Ethnic indigene and nation building in Kenya: a critical survey of the 1962-1963 Kalenjin-Luhya boundary clashes in Aldai and its implications for the 'new nation'
Lubanda, Eliud N.
Omanga, Duncan M.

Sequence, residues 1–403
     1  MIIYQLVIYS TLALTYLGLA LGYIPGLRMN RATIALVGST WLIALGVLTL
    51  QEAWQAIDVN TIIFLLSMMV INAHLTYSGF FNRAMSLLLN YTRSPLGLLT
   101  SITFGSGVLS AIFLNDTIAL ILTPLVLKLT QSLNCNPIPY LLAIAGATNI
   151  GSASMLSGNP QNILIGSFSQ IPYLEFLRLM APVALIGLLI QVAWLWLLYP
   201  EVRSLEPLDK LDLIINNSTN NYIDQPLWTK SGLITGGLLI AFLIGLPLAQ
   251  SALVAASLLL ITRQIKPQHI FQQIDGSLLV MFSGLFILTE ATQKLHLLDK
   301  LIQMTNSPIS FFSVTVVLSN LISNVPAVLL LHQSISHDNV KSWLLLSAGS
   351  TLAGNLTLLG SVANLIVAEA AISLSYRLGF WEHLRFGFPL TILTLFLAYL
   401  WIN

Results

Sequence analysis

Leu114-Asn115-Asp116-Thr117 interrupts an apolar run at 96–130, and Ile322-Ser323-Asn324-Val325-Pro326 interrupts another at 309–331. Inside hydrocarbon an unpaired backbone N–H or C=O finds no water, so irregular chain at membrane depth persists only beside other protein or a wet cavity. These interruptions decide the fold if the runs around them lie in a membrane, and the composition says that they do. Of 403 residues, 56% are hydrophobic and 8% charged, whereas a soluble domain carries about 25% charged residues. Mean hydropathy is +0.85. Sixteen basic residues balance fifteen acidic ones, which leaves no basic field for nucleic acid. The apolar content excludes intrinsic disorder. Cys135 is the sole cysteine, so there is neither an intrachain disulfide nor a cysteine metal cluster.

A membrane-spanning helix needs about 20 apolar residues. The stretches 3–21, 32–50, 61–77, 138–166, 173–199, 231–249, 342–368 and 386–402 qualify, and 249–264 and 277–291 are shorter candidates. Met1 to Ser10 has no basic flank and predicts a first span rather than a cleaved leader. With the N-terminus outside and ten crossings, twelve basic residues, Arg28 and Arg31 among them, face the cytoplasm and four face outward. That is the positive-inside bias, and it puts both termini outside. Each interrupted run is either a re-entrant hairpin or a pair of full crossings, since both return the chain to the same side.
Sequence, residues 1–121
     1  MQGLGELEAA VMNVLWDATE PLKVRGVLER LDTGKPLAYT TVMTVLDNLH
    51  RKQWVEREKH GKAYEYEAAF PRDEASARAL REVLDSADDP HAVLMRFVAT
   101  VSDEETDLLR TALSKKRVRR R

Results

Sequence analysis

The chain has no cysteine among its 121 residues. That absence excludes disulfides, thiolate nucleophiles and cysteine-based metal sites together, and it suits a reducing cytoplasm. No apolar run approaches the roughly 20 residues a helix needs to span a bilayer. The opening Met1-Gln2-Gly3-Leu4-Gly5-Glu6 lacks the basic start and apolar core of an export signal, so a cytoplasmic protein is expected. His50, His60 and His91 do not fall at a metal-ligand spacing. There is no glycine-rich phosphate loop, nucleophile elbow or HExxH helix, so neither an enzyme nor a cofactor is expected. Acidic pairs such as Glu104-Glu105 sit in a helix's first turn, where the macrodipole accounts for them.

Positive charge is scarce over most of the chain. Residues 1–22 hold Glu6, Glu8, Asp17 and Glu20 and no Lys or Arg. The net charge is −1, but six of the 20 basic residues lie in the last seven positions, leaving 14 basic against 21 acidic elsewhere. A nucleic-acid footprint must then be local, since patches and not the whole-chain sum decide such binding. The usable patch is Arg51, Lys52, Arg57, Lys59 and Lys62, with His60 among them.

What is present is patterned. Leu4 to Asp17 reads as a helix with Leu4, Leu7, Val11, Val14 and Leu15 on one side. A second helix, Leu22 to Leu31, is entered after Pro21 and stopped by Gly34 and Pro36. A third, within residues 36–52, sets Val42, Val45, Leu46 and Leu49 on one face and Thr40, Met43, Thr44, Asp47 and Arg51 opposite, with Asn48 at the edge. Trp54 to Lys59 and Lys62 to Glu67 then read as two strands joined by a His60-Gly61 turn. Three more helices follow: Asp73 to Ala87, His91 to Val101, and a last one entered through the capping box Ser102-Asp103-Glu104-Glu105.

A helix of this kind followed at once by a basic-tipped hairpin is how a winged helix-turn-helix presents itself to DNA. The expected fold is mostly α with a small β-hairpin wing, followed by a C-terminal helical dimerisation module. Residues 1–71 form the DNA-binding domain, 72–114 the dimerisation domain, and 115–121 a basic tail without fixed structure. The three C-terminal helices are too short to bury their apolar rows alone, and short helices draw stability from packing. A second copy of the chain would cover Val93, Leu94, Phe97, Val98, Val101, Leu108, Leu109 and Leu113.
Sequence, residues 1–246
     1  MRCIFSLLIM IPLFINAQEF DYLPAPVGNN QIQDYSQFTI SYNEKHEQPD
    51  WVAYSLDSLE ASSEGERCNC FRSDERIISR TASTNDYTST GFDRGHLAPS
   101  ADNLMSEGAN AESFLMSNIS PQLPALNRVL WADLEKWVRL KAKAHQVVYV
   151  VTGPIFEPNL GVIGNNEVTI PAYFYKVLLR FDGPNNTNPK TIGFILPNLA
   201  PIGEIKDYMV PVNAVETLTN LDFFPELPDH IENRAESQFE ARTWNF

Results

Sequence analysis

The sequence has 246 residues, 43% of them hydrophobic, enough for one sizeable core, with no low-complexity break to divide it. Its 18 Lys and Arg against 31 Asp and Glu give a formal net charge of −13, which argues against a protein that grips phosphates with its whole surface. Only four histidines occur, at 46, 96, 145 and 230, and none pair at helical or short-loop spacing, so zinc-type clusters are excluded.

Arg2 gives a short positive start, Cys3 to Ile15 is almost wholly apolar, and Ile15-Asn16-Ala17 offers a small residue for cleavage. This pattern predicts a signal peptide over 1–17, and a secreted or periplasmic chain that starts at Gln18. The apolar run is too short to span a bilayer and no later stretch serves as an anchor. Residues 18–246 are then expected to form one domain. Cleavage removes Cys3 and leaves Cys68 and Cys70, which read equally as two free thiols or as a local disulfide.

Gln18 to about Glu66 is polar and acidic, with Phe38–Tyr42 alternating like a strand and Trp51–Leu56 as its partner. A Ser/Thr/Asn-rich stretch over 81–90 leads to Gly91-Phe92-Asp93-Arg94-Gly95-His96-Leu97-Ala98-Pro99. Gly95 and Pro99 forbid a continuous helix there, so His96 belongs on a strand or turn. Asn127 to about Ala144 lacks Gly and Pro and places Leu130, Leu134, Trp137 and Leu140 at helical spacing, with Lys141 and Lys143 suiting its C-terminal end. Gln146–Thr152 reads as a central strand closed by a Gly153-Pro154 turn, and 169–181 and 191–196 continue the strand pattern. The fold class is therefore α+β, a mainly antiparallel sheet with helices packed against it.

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The advent of colonialism and the attendant activities of formal government authority over the African peoples and drawing of boundaries brought a new dimension of relationship between the communities resident in Aldai. Whereas the Kalenjin speaking peoples regarded themselves as the 'owners' of the area currently known as Aldai, the colonial government lumped them together with the Luhya and Luo speaking peoples under one Central Kavirondo and subsequently North Nyanza Province. Treasured cultural practices like female circumcision and cattle raiding were banned. Traditional enmities between the tribes were re-awakened, and a state of perpetual tension ensued between the communities living side by side in this period. This is reflected in the reports of the colonial administration during the drawing of the borders.There were problems between the neighboring Nandi and Tiriki of Serem. The Tiriki were forbidden from working in Nandi land (KNA 1956 DC/KBT/82 LND 16/1/1 Document No. 39) This paper discusses the arbitrary boundary making activities of the colonial government in this largely un-researched Aldai area in Western Kenya. How the boundary drawing project was the laying ground for some of the insidious ethnic differences between the neighboring communities. And finally, reflect on the challenge of nation building vis-a-vis ethnic identity in the light of troubled emerging ethnic relations in the Kenya.